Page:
Thousands of people followed the Olympic torch through the sweltering streets of Thailand’s capital Saturday with little of the protests that have accompanied some of the relay’s earlier stops.
The nearly three-hour run, with no disruptions by demonstrators protesting China’s recent crackdown in Tibet, contrasted with the chaos that accompanied the torch’s visits to London, Paris and San Francisco.
About 2,000 uniformed and plainclothes police were deployed along the Bangkok route.
Security officials had little to do but direct traffic and the mostly festive crowds, except at one spot where they came between pro-Tibet demonstrators and pro-Beijing supporters who exchanged angry words.
Protests over China’s crackdown on anti-government riots in Tibet have dogged the torch on its way to the Olympics’ opening ceremony in August in Beijing. The growing criticism of China’s human rights record has turned the coming summer Games into one of the most contentious in recent history.
Although Thailand has an active human rights community, several factors favored the torch receiving a warm welcome.
Since Thailand began disentangling itself from its Cold War pro-U.S. stance in the mid-1970s, its governments have entertained increasingly warm relations with Beijing. Ethnicity also played a role, since most of Bangkok’s ruling political and business elite boast of some Chinese ancestry.
Police were instructed to keep a cautious watch for provocative anti-China signs or banners, and authorities warned that any foreign activists who tried to disrupt the relay could be deported.
A sole dissenter could be glimpsed at the relay’s starting point in Bangkok’s Chinatown — a Western woman who carried a picture of the Dalai Lama, Tibet’s exiled spiritual leader. Some members of the crowd shouted for her to “get out.”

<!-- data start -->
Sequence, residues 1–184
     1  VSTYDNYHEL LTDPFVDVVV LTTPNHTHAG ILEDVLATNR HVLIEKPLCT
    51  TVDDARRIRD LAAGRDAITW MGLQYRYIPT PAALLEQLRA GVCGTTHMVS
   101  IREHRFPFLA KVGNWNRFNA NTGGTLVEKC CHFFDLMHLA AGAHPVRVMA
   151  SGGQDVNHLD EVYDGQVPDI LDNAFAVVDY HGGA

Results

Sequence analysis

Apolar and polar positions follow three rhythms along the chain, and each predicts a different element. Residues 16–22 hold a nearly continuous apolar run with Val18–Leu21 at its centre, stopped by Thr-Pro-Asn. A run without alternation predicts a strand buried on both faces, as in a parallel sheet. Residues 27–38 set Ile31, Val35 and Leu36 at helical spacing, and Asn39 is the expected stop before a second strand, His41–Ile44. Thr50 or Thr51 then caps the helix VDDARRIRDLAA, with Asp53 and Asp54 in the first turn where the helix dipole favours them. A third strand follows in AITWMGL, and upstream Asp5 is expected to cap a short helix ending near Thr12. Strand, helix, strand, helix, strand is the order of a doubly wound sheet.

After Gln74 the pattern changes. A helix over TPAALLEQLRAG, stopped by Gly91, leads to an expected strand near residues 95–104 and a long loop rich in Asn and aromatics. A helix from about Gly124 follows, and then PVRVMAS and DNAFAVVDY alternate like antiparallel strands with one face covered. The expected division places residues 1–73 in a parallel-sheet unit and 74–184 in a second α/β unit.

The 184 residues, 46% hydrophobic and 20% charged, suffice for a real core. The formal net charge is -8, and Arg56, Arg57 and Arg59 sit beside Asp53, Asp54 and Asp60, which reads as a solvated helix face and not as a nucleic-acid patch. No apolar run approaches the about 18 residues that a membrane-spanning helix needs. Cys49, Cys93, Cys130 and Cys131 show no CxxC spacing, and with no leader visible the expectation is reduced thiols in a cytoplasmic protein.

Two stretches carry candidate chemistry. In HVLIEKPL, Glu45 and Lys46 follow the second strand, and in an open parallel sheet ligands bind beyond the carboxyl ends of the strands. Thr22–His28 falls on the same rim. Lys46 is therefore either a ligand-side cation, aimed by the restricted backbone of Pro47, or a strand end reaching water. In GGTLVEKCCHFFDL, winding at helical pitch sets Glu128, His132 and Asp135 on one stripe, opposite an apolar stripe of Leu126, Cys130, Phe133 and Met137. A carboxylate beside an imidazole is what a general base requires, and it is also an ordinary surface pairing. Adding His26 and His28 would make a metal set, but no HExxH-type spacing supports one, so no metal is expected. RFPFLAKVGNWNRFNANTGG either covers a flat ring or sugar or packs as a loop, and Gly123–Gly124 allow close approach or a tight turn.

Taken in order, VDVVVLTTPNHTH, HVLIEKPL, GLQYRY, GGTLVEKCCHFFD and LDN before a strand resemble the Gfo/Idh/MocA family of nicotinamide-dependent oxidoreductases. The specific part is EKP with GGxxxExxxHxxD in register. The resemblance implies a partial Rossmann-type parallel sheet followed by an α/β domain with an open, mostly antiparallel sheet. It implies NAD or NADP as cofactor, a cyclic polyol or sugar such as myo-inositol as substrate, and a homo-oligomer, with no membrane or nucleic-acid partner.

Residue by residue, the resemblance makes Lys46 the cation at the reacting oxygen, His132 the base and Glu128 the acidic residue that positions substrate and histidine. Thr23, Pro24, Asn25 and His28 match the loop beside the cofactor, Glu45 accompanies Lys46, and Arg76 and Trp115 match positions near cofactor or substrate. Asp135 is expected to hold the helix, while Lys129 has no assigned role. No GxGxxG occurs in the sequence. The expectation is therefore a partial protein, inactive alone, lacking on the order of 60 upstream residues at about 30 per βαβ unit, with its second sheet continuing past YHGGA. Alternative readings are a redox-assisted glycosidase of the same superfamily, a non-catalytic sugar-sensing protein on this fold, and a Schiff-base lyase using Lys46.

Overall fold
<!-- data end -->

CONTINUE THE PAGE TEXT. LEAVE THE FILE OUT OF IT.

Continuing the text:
Eighty runners took part in the relay, with the flame carried home by Pawina Thongsuk, a Thai weightlifter who won an Olympic gold medal at the 2004 Summer Games in Athens.
“It was a proud moment for Thailand. Most people welcomed the torch and showed that they could separate sports from politics,” Thongsuk said after the relay.
A coalition of human rights and other activist groups staged a loud but peaceful protest in front of the U.N.’s Asian headquarters, along the relay’s route.
The hundred or so protesters waived placards and chanted “Free Tibet” and “Shame, shame, Hu Jintao,” referring to China’s president.
Narisa Chakrabongse, an environmental activist who had been named one of the torchbearers but withdrew, said the protest sent the message to China “that their crackdown on the Tibetans was not acceptable.”
That group was countered by a mostly Chinese-speaking group of the same size across the street yelling pro-China slogans. Some in the crowd following the torchbearers also jeered the pro-Tibet group.
The flame arrived in Malaysia on Sunday for an overnight stay in a luxury hotel before its run there.
Malaysia and the torch’s next stop — Indonesia — have lingering problems with prejudice against minority Chinese populations, and the tensions occasionally erupt into violence.
A Buddhist group held prayers Sunday at a temple in the Malaysian capital, Kuala Lumpur, to call for a trouble-free torch run and a peaceful Olympics in Beijing in August.